Wireguard - an extremely simple yet fast and modern VPN

About Wireguard

Wireguard is an extremely simple yet fast and modern VPN that utilizes state-of-the-art cryptography. It can be a useful replacement for IPSec or OpenVPN.

Official website: https://www.wireguard.io/

Installation

Wireguard is packaged in DebianUnstable as wireguard which pulls in wireguard-dkms and wireguard-tools.

The packages also work on DebianJessie and DebianStretch, by following the Wireguard installation instructions which boil down to:

# echo "deb http://deb.debian.org/debian/ unstable main" > /etc/apt/sources.list.d/unstable-wireguard.list
# printf 'Package: *\nPin: release a=unstable\nPin-Priority: 150\n' > /etc/apt/preferences.d/limit-unstable
# apt update
# apt install wireguard

Configuration

Step 1 - Generating Keypairs

To generate key pairs, use:

# wg genkey | tee wg-private.key | wg pubkey > wg-public.key

Make sure that you protect the wg-private.key file, e.g. via appropriate file permissions.

Step 2 - Alternative A - Manual Configuration

For testing purposes, it may be sufficient to use wg-quick directly - see the wg-quick(8) man page (upstream version) and quickstart instructions.

Step 2 - Alternative B - /etc/network/interfaces

The following configuration examples focus on using /etc/network/interfaces as much as possible.

For a server, configuration based on /etc/network/interfaces is often the preferred way.

Point-to-point tunnel

This example builds a simple point-to-point tunnel between two machines.

# /etc/network/interfaces
auto wg-p2p
iface wg-p2p inet static
        address 10.88.88.1
        netmask 255.255.255.0
        pre-up ip link add $IFACE type wireguard
        pre-up wg setconf $IFACE /etc/wireguard/$IFACE.conf
        post-down ip link del $IFACE
iface wg-p2p inet6 static
        address 2001:db8:1234:5678::1
        netmask 64

# /etc/wireguard/wg-p2p.conf 
[Interface]
PrivateKey = <paste the private key of the local host here>
ListenPort = <enter a port number to use for Wireguard UDP data, 51820 seems common>

[Peer]
Endpoint = <remote IP>:<remote port>
PublicKey = <paste the public key of the remote host here>
AllowedIPs = 0.0.0.0/0, ::/0

You can then simply add routes through the tunnel, either statically, or dynamically using e.g. OSPF or BGP. For static routes:

# ip route add 2001:db8:4242::/48 dev wg-demo
# ip route add 192.168.42.0/24 dev wg-demo

VPN client with default route

This allows a "client" to connect to a server, and redirect its default route through the tunnel. This example uses wg-quick, make sure you understand what it does to your routing tables!

# /etc/network/interfaces
auto wg-client
iface wg-client inet static
        address 10.88.88.1
        netmask 255.255.255.0
        pre-up wg-quick up $IFACE
        post-down wg-quick down $IFACE

# /etc/wireguard/wg-client.conf 
[Interface]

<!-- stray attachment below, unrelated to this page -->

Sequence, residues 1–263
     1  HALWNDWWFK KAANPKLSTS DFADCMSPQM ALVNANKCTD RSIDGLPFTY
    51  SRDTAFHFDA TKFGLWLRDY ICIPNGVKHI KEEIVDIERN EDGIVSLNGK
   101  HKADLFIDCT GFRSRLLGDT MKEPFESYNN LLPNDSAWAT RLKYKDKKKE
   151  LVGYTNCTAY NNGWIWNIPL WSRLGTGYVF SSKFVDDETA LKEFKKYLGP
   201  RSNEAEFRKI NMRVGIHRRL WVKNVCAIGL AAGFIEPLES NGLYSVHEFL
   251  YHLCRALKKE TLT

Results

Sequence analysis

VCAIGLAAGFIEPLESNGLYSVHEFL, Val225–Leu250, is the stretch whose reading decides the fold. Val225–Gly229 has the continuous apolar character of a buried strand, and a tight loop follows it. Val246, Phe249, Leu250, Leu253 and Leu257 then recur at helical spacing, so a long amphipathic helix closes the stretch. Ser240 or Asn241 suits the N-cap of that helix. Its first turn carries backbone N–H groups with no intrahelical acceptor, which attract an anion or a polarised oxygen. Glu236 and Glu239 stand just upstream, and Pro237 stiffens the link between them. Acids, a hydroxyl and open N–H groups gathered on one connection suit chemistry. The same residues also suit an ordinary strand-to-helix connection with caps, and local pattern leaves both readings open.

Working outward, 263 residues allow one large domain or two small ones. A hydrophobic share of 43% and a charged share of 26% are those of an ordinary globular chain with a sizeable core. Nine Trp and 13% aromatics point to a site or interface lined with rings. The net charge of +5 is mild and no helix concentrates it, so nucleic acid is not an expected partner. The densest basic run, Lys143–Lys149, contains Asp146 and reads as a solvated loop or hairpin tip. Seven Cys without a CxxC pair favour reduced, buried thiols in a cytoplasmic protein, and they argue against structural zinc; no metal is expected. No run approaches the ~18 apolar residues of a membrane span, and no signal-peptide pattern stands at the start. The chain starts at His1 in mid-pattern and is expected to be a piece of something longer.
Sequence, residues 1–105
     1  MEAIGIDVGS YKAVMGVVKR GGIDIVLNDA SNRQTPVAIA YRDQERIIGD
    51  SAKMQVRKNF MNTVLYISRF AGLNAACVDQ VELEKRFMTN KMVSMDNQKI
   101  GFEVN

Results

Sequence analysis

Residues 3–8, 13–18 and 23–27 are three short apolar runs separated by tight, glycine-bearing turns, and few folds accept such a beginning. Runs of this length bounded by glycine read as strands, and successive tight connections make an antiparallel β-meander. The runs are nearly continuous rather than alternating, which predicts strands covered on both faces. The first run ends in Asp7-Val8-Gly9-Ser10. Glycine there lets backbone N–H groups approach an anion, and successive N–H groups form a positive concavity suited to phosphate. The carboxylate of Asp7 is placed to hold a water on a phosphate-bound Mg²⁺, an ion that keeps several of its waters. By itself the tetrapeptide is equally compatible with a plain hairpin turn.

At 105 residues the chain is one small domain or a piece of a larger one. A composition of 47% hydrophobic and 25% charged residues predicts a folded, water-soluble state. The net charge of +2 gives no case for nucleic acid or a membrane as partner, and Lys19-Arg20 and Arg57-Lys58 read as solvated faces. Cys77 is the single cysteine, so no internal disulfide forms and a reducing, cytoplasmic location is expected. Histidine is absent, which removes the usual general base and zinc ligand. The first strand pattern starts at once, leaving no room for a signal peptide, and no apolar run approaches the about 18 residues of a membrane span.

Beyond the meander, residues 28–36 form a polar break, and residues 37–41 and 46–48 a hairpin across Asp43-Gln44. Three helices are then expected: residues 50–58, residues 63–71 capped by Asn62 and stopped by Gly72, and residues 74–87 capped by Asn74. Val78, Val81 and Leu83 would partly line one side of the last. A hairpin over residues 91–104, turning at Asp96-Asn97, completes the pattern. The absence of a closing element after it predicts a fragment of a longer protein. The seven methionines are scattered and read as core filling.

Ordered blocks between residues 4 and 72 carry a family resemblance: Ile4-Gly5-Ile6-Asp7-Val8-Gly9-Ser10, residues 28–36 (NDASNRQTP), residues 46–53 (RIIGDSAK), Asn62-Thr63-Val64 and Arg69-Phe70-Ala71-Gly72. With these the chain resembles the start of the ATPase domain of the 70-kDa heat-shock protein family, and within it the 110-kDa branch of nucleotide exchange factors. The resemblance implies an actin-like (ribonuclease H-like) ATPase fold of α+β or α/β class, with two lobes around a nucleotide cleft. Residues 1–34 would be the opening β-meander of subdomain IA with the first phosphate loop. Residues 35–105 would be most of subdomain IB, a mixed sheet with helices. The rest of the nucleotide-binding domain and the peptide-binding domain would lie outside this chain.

PrivateKey = <paste the private key of the local host here>
ListenPort = <enter a port number to use for Wireguard UDP data, 51820 seems common>

[Peer]
Endpoint = <server IP>:<server port>
PublicKey = <paste the public key of the remote host here>
AllowedIPs = 0.0.0.0/0, ::/0

Step 2 - Alternative C - systemd

systemd has native support for setting up Wireguard interfaces since version 237 (available in DebianUnstable).

First, create a systemd.netdev(5) file ending in .netdev and place it in /etc/systemd/network, for example as /etc/systemd/network/wg0.netdev:

[NetDev]
Name=wg0
Kind=wireguard
Description=Wireguard test

[WireGuard]
PrivateKey=<paste the private key of the local host here>
ListenPort=<enter a port number to use for Wireguard UDP data, 51820 seems common>

[WireGuardPeer]
PublicKey=<paste the public key of the remote host here>
AllowedIPs=0.0.0.0/0
AllowedIPs=::/0
Endpoint=<remote IP or hostname>:<remote port>

Note that the above example assumes that you are setting up a "client" to connect to a server. If you are instead setting up a server, you probably want much more restricted AllowedIPs entries. Also, on a server you would typically have several WireGuardPeer sections.

The .netdev file contains security-sensitive data (the private key) and should have appropriate file permissions:

# chown root.systemd-network /etc/systemd/network/wg0.netdev
# chmod 0640 /etc/systemd/network/wg0.netdev

Second, create a matching systemd.network(5) file ending in .network and place it in /etc/systemd/network, for example as /etc/systemd/network/wg0.network:

[Match]
Name=wg0

[Network]
Address=10.88.88.1/24
Address=2001:db8:1234:5678::1

Now tell systemd to reload its configuration and start systemd-networkd(8):

# systemctl daemon-reload
# systemctl start systemd-networkd

Step 3 - Check the end result

You can check the status of your new interface by using e.g.:

# ip addr show dev wg0
# wg show wg0

And, if you've let systemd create the interface, by using:

# networkctl status wg0